0-5m – Read Douglas Starr’s take on scientist Jennifer Eberhardt’s work on implicit bias. As the article’s pullquote says, “She is taking this world that black people have always known about and translating it into the principles and building blocks of universal human psychology”.

Archie Bunker, All American Hero

This week, I watched “All in the Family“, a sitcom from the early 1970’s (start at 8:30 and watch, if you have Amazon). I played a portion of it for my son and he had to ask, what year that was. When I told him, he wanted to know how it could seem so current? As the protagonist used degrading terms towards women, Blacks, Hispanics and liberals, it all sounded so familiar.

Sadly, half a century later, the arguments and issues are the same. The group with power and privilege is trying to hang on to that power and privilege. Before you click away, let me explain. Archie Bunker, a working class White male, really believed that America was for him and those who looked like him. Anyone else was seen as an interloper. Personally, being neither White nor male, this often feels like my world.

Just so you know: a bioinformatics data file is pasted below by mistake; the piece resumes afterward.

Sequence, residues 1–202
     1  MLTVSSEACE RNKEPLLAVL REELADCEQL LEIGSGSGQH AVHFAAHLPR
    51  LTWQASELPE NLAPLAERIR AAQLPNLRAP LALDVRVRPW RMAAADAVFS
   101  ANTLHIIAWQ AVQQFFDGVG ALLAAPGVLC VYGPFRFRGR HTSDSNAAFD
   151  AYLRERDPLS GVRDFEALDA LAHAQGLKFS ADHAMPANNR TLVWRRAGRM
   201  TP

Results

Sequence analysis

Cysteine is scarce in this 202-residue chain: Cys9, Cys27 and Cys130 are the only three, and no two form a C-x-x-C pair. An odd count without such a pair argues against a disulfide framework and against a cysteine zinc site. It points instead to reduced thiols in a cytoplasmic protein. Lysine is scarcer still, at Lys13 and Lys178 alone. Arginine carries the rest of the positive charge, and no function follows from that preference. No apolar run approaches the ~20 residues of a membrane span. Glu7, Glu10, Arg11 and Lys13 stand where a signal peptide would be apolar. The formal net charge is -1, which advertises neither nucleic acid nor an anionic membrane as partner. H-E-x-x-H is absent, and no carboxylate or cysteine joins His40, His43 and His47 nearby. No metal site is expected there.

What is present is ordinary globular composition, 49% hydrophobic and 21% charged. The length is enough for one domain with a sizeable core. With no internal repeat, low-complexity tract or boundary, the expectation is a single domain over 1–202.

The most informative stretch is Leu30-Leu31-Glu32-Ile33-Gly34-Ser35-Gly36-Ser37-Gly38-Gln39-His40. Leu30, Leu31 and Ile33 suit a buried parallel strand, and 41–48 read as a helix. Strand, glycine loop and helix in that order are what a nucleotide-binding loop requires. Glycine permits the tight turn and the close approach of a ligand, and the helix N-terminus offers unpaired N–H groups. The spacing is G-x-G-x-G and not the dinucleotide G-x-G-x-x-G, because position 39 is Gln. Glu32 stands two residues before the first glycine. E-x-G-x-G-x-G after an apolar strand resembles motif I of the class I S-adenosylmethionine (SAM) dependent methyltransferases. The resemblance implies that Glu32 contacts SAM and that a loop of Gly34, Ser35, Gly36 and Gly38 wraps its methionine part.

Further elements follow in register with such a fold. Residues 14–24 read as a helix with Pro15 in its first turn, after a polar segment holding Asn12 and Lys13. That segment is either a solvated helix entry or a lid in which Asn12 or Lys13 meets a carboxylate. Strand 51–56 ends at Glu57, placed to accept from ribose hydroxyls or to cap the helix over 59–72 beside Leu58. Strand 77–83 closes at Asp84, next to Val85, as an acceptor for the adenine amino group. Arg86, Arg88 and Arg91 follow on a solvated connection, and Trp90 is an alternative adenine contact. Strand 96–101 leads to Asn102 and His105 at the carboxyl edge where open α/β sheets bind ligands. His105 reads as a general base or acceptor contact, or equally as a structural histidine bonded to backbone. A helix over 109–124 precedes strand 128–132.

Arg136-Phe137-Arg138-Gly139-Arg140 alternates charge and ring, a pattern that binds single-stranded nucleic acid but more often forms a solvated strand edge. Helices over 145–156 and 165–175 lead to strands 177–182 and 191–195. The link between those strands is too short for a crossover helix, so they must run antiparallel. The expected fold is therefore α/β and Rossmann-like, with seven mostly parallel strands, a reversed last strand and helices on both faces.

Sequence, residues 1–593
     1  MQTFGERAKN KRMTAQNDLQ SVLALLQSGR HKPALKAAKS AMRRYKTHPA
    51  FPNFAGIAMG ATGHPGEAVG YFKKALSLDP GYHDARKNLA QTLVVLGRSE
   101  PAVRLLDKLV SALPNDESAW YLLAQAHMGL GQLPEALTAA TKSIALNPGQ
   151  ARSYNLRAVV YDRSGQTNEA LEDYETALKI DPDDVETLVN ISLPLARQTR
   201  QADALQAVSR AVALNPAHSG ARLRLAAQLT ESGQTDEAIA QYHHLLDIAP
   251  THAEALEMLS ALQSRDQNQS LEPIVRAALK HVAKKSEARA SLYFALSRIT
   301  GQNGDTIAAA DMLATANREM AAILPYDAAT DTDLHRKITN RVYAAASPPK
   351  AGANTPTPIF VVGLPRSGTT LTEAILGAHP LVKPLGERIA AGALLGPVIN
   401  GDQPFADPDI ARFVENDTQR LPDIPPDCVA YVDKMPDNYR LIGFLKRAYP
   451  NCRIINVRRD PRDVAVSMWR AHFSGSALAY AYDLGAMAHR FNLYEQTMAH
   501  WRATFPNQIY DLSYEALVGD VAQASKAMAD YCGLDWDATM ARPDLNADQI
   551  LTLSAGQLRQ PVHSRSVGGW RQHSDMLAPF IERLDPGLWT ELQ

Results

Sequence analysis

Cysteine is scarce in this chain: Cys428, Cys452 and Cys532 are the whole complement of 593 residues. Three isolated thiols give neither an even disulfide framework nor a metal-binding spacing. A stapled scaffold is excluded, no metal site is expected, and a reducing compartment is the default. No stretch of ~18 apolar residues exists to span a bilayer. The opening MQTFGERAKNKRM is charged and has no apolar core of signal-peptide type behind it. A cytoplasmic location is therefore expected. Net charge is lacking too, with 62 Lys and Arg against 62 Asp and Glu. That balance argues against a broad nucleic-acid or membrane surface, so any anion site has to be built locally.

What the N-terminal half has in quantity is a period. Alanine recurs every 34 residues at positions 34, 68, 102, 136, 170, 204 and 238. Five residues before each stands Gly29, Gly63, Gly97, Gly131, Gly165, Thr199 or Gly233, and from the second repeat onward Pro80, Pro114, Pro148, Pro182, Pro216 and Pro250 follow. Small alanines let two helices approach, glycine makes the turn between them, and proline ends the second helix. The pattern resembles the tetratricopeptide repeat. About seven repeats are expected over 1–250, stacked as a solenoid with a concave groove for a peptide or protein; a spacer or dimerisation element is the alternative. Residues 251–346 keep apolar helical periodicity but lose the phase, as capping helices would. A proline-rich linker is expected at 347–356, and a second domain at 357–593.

Equity and Access

Watching the news of redlining and redistricting reminds me that systems still hinder equitable access to wealth and education. Reading about voter legislation that makes voting harder for disenfranchised populations in many ways feels more like the 1960s than the 2020s. In short, there is still much work to do at the individual, community and systemic levels in and beyond our classrooms. How can we make the American Dream is accessible for all?

Make that Change

For those still trying to tackle the hard work we do in creating access and equity on our campuses, Finding Your Blind Spots, my upcoming Solution Tree book, can help. Before the December 3rd release, I will be going through each of the book’s guiding principles to help you transform your campus one small bite at a time.

Begin by using the resources above to create a learning environment that welcomes and validates every student. I’ll see you next week with more.

Don’t Stop Believin’ Read More »